Beauty creates love, and love desires consent.
Beauty is the mother of the dialectic: the discussion between students that is the heart of classical education. When we look Godward, we see beauty. This recognition of beauty can occur in a great book that some soul made in God’s image wrote. The beauty found in a poem by Langston Hughes stirs love and love begins a dialog with the poem. Beauty may appear in a film such as the Passion of Joan of Arc when we look into the eyes of Maria Falconetti as she plays the Saint. Beauty certainly appears when we see the stars moved by God’s love in the heavens.
When we see the stars and wonder, consider, and talk to God, then we are beginning to be educated. The deep mistake of the mid-twentieth century was to think that the stars “were ours,” to quote a title from a typical science fiction novel of the period. Men at that time, and some still, see the beauty of the stars and think they can go and own that beauty. They do not see God’s work, but something to possess. This a failure of education, a monstrous metaphysical mistake that undergirds all careless colonization. The beauty of nature, this land, has spawned greed and warfare.
Against this, classical education knows that the Earth is the Lord’s Earth. We might be caretakers carefully conserving the beauty that is there, like Tolkien’s elves in a forest or his dwarves in caves:
‘No, you do not understand,’ said Gimli. ‘No dwarf could be unmoved by such loveliness. None of Durin’s race would mine those caves for stones or ore, not if diamonds and gold could be got there. Do you cut down groves of blossoming trees in the springtime for firewood? We would tend these glades of flowering stone, not quarry them. With cautious skill, tap by tap – a small chip of rock and no more, perhaps, in a whole anxious day – so we could work, and as the years went by, we should open up new ways, and display far chambers that are still dark, glimpsed only as a void beyond fissures in the rock. And lights, Legolas! We should make lights, such lamps as once shone in Khazad-dûm; and when we wished we would drive away the night that has lain there since the hills were made; and when we desired rest, we would let the night return.’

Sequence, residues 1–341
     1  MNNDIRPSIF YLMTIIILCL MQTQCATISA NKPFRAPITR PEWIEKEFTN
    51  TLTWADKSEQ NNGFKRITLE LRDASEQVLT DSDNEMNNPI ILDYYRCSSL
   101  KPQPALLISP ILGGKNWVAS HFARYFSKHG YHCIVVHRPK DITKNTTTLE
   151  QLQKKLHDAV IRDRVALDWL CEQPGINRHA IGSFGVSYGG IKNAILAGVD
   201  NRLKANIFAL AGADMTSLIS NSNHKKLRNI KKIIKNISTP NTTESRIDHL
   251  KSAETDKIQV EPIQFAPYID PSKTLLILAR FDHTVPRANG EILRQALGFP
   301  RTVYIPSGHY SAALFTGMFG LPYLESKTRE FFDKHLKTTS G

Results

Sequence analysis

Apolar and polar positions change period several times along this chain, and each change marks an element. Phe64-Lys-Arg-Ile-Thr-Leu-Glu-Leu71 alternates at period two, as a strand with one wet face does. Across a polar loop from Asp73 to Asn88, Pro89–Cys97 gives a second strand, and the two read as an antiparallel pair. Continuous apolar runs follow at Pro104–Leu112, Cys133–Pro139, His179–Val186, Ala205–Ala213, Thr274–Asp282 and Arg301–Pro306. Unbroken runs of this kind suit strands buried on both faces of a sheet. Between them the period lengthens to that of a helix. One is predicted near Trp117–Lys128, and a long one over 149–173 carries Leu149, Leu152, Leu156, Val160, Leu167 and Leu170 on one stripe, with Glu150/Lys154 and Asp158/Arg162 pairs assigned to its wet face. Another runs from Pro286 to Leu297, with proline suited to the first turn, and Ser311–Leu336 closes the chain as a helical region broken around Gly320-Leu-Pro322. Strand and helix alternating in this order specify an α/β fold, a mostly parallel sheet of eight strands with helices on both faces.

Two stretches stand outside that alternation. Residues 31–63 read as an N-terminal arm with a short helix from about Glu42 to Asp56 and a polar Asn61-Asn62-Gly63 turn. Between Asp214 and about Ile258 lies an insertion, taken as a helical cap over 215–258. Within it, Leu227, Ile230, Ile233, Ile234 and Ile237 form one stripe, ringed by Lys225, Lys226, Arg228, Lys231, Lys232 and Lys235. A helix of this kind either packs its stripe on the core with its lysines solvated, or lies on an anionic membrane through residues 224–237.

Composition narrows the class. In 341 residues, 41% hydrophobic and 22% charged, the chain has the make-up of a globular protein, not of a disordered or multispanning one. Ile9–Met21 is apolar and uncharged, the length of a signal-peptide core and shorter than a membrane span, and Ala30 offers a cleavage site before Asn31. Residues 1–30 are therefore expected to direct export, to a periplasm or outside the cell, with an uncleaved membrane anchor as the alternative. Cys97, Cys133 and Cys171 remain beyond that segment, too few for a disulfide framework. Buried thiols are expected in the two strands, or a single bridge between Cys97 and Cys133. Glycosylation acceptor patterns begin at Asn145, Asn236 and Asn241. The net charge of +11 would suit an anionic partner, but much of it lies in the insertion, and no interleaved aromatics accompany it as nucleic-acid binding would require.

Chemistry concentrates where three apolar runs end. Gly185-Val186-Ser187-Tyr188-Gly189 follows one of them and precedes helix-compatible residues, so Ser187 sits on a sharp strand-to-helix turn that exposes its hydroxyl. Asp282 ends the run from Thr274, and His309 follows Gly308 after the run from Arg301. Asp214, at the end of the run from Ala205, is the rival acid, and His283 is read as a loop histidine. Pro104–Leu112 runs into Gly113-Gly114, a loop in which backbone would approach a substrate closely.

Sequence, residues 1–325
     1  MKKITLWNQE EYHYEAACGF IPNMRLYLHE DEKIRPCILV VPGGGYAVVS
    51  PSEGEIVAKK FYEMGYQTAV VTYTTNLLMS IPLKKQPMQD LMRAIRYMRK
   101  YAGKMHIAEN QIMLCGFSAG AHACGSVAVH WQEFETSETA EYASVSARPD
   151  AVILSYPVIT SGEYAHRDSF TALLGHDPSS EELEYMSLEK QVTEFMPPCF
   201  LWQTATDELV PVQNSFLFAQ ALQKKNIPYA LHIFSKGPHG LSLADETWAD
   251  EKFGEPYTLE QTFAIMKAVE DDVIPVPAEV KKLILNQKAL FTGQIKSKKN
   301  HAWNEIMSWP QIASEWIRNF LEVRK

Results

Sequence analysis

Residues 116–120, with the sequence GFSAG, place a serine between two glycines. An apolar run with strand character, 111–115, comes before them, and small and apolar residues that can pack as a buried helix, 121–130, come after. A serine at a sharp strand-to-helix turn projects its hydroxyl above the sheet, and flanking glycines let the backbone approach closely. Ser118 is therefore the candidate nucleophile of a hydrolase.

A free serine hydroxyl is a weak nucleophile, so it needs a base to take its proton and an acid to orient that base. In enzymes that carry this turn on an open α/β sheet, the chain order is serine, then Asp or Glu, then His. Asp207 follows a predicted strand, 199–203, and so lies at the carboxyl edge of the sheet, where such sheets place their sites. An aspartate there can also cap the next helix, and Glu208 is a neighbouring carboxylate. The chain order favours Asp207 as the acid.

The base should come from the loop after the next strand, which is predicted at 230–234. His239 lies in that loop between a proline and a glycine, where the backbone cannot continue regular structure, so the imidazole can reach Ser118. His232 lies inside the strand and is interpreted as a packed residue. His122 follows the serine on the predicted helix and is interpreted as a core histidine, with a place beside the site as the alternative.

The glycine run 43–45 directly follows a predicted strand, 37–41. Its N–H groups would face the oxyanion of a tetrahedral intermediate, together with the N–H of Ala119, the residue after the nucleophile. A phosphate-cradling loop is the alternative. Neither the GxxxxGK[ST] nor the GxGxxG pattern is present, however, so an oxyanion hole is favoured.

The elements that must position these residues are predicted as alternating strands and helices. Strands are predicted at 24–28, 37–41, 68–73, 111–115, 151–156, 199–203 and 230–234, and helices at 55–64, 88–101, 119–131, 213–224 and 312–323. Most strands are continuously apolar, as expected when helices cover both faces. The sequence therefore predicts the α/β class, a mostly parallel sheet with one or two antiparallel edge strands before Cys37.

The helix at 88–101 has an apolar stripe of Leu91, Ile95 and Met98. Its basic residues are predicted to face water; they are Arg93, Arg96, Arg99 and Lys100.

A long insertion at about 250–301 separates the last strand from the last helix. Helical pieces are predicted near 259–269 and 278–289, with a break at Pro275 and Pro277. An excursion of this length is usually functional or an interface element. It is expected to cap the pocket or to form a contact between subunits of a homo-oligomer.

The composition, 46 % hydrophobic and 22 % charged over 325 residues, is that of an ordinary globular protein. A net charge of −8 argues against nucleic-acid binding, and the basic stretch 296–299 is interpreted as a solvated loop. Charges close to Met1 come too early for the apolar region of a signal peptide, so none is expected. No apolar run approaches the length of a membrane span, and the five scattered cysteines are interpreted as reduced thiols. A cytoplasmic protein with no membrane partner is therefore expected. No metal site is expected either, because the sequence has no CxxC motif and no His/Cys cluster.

The dwarf Gimli knows how to respond to beauty that is not his own. At most, he might find himself caretaker of the caves. The long dialog of his kind with stone would guide his care for the beauty he found. The dwarves have been educated in conserving, even accentuating, this kind of beauty.
Classical education is an education in handling beauty and cannot be restructured to one period of life or to the formal classroom, God help us. Classical education is not a political movement. Classical education is not the property of “the West.” Classical education is the dialectic that begins in beauty is driven by love Godward. We see beauty, but know beauty is not our own, so we discuss, carefully pause, to see what our relationship to this beauty must be.
The Mother of God is our model.
Consent came after a (brief) dialogue. Mary said, “let it be done unto me.” This was just the start, the beginning of a long labor. When the Baby was born in Bethlehem, the real dialogue began as the Mother of God watched and pondered (Luke 2:19) all the things she saw and was seeing in her heart. She lived with the Lord Jesus as He grew in favor with God and man. She observed, thought, driven from the manger, to the Temple, through His first miracle, to the Cross, and then the upper room in Pentecost.
She became the first student of the Master Teacher: a lifetime relationship that ended in revelation.
 Tolkien, J.R.R. The Two Towers: Being the Second Part of The Lord of the Rings (pp. 178-179). Houghton Mifflin Harcourt. Kindle Edition.